See Dick and Jane take Betty for their friend.
They introduce themselves and spend a year
acquainting with her daily; they intend
to know her well enough to be her peer.
Now Betty is a person self-contained
and balanced in her own eccentric way,
but Dick and Jane think she can be explained
in terms of what they know and how they pray.
So Dick thinks Betty’s selfish when she’s strong,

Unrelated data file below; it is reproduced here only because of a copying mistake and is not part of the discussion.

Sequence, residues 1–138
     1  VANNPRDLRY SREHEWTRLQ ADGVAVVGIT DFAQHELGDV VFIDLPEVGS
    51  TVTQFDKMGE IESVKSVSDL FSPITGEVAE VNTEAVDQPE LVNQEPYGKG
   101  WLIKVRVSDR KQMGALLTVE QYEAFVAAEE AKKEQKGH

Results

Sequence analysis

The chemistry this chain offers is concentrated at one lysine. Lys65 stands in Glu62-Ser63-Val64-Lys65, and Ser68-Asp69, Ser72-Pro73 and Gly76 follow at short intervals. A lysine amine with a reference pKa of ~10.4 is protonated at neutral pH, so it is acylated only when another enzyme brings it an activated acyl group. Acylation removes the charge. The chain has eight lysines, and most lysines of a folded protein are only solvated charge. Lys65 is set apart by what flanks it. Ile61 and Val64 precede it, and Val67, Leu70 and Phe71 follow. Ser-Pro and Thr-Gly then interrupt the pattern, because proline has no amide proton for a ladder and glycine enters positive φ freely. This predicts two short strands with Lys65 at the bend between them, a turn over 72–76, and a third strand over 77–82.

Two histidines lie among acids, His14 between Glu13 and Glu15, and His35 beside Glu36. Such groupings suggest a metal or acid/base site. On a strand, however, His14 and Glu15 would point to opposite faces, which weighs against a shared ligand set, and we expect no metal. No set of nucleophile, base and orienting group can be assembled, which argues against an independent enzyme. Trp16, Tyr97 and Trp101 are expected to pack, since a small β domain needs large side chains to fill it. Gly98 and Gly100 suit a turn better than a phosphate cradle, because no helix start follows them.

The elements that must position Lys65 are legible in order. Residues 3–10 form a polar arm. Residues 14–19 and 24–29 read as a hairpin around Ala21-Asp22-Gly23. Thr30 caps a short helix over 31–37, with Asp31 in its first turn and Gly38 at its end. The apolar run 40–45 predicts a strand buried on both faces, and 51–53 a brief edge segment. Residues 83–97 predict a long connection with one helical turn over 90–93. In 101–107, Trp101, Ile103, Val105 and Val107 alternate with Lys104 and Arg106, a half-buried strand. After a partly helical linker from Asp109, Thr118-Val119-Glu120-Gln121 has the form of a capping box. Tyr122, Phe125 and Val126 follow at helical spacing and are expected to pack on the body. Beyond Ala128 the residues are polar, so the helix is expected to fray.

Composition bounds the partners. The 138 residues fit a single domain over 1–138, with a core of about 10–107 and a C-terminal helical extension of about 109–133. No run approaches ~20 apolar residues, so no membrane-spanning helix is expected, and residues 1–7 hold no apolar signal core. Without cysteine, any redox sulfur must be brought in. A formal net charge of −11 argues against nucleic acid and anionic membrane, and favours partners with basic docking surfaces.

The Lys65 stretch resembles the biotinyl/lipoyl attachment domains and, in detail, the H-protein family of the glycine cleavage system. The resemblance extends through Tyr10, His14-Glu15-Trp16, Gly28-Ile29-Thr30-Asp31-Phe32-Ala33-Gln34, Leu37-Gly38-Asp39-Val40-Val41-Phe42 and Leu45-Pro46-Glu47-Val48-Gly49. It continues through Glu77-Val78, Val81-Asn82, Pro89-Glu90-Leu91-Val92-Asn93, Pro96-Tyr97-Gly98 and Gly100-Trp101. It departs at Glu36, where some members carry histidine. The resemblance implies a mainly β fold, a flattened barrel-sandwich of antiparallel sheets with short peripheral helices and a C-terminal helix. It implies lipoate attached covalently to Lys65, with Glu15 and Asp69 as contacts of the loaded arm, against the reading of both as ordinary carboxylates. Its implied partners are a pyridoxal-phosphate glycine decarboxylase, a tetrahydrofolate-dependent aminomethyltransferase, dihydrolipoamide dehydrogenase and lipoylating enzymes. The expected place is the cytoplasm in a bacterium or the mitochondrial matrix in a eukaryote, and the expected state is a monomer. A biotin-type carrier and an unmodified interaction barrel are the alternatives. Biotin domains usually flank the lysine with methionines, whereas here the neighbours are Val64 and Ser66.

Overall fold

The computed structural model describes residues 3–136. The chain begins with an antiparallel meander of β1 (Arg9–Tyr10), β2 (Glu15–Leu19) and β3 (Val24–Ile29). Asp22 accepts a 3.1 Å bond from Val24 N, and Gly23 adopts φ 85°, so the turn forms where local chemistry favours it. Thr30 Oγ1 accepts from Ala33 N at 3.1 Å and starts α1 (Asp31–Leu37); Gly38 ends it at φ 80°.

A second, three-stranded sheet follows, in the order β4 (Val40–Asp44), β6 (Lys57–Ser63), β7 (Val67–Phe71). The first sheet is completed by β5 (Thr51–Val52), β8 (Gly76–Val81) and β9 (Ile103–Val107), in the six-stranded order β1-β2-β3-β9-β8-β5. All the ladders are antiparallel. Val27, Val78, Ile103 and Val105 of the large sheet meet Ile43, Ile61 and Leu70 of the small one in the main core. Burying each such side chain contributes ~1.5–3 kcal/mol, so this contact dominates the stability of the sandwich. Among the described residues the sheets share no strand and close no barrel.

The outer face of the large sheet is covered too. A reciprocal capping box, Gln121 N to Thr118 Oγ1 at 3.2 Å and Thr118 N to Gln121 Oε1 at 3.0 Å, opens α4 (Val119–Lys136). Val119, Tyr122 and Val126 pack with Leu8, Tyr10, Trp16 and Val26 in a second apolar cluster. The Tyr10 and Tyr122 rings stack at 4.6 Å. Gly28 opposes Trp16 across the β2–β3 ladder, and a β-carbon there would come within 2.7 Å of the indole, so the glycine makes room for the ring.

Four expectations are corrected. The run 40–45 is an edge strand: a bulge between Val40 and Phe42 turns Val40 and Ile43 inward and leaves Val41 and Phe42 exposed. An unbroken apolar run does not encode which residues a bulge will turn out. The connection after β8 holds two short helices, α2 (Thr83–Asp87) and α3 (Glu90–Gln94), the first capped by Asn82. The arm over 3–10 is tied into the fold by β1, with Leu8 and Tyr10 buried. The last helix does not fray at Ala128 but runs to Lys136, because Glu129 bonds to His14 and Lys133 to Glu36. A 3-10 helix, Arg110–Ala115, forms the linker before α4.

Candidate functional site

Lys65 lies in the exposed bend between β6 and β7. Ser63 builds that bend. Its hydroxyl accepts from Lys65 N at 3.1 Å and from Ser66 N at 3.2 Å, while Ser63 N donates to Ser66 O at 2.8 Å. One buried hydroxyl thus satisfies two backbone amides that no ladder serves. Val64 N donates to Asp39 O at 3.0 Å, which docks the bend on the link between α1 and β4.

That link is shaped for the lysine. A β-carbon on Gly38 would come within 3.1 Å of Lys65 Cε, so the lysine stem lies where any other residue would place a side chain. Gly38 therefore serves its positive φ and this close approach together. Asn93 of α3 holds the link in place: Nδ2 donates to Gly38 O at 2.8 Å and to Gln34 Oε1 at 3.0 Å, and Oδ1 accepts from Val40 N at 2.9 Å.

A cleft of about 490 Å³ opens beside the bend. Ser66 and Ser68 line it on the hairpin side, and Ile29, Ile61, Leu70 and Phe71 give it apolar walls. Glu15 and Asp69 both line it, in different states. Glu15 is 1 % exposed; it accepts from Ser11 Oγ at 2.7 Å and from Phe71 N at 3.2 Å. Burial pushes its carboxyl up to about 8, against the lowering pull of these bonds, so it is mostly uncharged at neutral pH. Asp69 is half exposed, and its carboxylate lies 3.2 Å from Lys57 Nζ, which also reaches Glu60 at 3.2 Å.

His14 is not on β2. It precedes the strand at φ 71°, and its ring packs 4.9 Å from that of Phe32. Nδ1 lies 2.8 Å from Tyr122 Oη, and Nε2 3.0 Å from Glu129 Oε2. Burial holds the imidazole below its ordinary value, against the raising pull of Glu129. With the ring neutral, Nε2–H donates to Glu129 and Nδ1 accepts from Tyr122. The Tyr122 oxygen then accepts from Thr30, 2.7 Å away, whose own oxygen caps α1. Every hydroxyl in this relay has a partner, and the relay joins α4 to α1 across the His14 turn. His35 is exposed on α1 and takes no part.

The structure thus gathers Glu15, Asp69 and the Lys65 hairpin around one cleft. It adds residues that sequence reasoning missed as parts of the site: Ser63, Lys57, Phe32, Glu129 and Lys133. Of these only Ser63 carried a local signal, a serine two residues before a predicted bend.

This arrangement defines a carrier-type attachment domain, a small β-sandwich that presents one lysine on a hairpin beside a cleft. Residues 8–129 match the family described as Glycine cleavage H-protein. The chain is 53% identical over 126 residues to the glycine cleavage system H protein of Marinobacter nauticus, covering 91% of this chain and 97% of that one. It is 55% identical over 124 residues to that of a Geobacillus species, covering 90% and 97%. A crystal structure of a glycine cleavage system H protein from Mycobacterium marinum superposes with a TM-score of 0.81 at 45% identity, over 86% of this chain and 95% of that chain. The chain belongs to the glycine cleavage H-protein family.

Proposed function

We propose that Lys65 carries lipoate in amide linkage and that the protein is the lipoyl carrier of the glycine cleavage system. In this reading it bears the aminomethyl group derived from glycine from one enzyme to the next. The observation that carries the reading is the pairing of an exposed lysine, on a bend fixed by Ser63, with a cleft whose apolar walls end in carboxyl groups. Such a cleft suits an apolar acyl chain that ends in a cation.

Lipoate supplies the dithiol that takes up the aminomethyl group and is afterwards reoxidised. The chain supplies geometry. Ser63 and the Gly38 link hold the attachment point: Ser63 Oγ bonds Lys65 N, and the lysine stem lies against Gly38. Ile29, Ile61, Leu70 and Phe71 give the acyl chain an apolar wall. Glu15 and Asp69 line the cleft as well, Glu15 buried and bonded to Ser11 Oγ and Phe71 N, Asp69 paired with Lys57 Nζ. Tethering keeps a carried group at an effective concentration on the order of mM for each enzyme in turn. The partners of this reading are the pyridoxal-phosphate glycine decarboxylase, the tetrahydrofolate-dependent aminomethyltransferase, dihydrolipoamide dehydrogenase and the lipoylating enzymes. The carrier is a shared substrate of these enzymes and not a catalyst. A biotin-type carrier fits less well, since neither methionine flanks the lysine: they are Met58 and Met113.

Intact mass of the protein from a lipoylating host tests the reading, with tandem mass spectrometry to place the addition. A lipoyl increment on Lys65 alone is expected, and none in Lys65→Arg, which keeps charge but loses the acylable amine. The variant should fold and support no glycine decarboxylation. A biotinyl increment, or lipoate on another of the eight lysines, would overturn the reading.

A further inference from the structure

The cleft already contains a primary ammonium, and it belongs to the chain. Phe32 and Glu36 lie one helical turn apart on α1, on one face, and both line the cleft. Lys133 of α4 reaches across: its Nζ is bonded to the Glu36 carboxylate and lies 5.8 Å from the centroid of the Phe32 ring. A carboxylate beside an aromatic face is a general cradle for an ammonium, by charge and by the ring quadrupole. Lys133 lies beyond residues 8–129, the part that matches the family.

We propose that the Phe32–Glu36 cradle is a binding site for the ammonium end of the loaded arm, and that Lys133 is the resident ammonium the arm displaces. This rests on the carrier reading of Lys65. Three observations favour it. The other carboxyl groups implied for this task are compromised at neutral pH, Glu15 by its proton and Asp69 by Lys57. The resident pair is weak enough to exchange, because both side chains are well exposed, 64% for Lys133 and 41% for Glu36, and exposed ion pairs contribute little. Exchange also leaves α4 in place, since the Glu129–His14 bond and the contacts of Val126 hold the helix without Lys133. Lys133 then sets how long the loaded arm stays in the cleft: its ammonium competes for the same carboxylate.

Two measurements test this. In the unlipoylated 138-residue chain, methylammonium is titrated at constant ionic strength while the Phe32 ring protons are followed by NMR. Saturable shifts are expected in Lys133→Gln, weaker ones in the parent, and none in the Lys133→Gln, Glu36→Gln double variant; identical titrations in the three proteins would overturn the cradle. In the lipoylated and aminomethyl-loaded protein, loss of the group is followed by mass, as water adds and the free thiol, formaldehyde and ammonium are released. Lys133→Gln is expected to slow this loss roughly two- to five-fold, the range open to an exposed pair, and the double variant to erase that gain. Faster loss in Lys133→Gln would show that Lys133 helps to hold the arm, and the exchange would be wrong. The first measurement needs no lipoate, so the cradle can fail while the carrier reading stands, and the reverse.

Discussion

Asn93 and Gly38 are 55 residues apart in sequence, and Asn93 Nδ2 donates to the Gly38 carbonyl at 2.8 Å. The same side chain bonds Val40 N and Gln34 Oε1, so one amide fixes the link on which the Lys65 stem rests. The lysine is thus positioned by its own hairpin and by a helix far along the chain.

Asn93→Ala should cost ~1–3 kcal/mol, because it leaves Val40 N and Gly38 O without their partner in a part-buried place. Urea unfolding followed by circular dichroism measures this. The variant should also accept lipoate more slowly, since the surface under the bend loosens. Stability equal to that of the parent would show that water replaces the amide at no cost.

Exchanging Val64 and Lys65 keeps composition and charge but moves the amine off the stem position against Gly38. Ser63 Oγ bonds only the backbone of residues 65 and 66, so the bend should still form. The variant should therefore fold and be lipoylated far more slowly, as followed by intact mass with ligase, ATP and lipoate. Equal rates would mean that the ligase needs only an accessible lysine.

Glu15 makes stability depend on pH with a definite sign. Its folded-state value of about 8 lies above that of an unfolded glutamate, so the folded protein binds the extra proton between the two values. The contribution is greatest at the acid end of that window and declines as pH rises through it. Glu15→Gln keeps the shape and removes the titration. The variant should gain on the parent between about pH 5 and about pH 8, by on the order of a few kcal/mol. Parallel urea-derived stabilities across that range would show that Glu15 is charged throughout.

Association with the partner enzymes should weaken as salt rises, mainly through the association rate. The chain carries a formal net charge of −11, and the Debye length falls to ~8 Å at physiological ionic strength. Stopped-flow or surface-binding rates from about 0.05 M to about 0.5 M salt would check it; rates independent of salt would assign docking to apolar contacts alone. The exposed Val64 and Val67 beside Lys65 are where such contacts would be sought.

and Jane finds Betty giving to a fault.
It matters neither when nor for how long
they hang with her – their friendship’s an assault
on clarity; their angles are obtuse:
Affection ties, but affect makes a noose.